FDA Published List of Class II Devices to be Exempt From 510(K) Process
As we previously reported, Congress passed, and then-President Obama signed, the 21st Century Cures Act last November to implement a number of FDA reforms. Among the reforms affecting medical devices was a requirement for the FDA to publish a notice in the Federal Register – within 120 days for Class I devices and within 90 days for Class II devices – that identifies devices that no longer require clearance under Section 510(k). On schedule, the FDA has published the list of Class II devices here.
For Class II devices, the Act says the FDA must also provide a 60-day notice and comment period and finalize the list within 210 days. Electronic or written comments on the notice are due on or before May 15, 2017.
The Class II list includes approximately 35 pages of devices from 21 CFR Part 862, which governs clinical chemistry and clinical toxicology devices. Although the list includes many devices in this category, part of the reason for its length is that the exemption for several of the devices is limited to test systems intended for employment and insurance testing and does not include test systems intended for federal drug testing programs. Other exemptions are subject to limitations also. For example, the list includes an exemption for an endoscopic magnetic retriever, but limits the exemption to such devices that are for single use.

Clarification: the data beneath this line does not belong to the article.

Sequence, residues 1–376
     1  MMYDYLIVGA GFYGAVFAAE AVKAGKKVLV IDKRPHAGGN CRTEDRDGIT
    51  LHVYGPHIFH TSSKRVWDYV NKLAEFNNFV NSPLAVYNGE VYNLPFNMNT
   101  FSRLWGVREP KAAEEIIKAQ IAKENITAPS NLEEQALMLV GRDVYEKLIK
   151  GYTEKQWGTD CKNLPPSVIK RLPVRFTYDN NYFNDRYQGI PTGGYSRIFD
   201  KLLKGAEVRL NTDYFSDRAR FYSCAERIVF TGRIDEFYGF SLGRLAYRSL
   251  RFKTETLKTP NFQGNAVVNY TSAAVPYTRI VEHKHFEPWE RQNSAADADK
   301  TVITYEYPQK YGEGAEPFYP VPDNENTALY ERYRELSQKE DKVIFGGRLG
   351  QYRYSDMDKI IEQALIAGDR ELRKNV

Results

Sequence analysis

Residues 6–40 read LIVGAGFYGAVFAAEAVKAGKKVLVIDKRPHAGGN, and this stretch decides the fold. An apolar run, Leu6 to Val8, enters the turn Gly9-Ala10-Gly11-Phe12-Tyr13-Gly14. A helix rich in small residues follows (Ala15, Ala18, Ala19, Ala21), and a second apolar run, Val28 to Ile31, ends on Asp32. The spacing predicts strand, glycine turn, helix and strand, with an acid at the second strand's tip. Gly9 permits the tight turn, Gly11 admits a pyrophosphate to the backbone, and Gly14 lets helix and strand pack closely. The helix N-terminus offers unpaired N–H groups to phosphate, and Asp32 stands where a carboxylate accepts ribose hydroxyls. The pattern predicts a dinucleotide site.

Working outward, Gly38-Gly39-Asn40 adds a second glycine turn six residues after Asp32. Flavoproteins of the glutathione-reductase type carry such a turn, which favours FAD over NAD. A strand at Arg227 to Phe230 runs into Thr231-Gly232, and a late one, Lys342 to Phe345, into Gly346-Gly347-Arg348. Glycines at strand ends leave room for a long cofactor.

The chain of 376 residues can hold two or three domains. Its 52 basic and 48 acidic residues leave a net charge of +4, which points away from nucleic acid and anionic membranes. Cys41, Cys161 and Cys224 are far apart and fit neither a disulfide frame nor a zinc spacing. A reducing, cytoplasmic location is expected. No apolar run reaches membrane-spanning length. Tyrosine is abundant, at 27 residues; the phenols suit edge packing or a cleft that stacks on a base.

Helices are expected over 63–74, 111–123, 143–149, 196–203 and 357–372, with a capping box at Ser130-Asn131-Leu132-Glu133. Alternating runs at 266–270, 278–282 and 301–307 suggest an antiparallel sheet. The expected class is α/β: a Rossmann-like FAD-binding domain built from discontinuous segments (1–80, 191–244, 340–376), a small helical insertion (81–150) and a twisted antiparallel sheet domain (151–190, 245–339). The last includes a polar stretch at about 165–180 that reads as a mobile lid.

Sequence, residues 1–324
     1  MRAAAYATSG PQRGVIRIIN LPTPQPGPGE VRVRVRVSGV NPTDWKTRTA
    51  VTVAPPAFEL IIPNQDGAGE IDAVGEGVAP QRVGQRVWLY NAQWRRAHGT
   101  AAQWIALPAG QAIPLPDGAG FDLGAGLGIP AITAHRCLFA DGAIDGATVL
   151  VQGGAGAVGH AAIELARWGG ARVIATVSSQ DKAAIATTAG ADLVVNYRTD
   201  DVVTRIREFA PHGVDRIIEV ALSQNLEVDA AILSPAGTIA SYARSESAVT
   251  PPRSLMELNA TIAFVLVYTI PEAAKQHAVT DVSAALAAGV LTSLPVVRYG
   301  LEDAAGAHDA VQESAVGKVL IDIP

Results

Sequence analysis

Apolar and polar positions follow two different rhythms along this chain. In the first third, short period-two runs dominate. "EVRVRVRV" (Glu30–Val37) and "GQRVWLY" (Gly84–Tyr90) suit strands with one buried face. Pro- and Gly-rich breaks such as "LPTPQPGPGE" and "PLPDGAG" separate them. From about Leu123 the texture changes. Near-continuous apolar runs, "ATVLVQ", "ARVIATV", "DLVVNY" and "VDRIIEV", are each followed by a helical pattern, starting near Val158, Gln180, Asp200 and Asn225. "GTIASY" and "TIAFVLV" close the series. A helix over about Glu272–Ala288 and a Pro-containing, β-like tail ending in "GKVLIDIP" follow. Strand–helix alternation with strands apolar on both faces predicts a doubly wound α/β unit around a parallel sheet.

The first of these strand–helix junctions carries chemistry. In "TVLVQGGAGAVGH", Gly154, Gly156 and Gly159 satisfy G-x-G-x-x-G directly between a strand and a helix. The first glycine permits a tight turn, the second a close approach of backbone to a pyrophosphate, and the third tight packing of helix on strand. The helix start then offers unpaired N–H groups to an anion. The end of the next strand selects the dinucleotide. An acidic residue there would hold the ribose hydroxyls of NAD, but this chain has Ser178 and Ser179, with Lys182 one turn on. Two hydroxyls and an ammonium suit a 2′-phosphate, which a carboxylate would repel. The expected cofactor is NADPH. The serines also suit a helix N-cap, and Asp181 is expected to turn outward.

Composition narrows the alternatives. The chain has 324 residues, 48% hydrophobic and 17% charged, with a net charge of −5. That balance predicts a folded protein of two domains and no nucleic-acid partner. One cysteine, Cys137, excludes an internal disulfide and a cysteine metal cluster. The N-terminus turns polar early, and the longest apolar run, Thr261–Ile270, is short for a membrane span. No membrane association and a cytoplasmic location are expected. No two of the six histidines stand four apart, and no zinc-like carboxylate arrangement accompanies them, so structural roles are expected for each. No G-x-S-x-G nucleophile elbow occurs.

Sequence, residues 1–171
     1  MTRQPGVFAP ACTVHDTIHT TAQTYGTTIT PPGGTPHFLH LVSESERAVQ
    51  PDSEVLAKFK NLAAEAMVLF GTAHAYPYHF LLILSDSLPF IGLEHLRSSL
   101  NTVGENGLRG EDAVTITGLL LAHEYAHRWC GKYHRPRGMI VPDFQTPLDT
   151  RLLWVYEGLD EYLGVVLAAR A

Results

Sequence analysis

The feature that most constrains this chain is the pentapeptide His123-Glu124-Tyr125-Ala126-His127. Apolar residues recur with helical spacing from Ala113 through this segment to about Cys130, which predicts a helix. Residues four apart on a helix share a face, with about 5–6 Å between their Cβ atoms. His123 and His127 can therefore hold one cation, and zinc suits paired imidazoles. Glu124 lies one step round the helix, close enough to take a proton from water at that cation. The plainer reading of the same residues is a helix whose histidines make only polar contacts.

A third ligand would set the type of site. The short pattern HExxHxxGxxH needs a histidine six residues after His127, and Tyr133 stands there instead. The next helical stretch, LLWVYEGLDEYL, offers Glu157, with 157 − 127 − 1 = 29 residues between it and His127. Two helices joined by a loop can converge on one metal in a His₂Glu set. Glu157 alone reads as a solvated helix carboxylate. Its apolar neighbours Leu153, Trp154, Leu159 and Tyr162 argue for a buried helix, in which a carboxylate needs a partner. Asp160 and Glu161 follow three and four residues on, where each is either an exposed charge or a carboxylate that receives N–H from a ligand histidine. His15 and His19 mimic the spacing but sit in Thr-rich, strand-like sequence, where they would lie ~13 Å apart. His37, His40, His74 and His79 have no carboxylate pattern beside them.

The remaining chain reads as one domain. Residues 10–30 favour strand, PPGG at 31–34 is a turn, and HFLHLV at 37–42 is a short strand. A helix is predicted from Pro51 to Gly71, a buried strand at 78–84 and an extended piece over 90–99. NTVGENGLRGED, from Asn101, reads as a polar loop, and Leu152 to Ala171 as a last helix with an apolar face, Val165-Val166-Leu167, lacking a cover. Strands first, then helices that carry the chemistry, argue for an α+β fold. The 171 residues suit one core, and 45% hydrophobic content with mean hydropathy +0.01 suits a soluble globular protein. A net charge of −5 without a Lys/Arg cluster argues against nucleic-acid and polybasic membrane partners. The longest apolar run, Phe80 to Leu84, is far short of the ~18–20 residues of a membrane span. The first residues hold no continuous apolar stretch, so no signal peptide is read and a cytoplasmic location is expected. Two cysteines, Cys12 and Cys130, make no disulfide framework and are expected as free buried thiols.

The list also includes a 15-page table of Radioallergosorbent (RAST) immunological tests, which fall under 21 CFR 866.5750, for specific allergens.
Finally, the list includes at least some devices from each of the other classifications, Parts 864-892. Medical device firms will want to review the list to determine if any of their current or proposed products are now exempt.
The FDA is to update the Class I and Class II lists every five years.
The notice cautions that an exemption from the 510(k) process “does not mean that the device is exempt from any other statutory or regulatory requirements, unless such exemption is explicitly provided by order or regulation.” The FDA states that its initial determination that premarket notification is unnecessary to provide a reasonable assurance of safety and effectiveness for devices listed in the notice is based, in part, on the assurance of safety and effectiveness that other regulatory controls, such as current good manufacturing practice requirements, provide.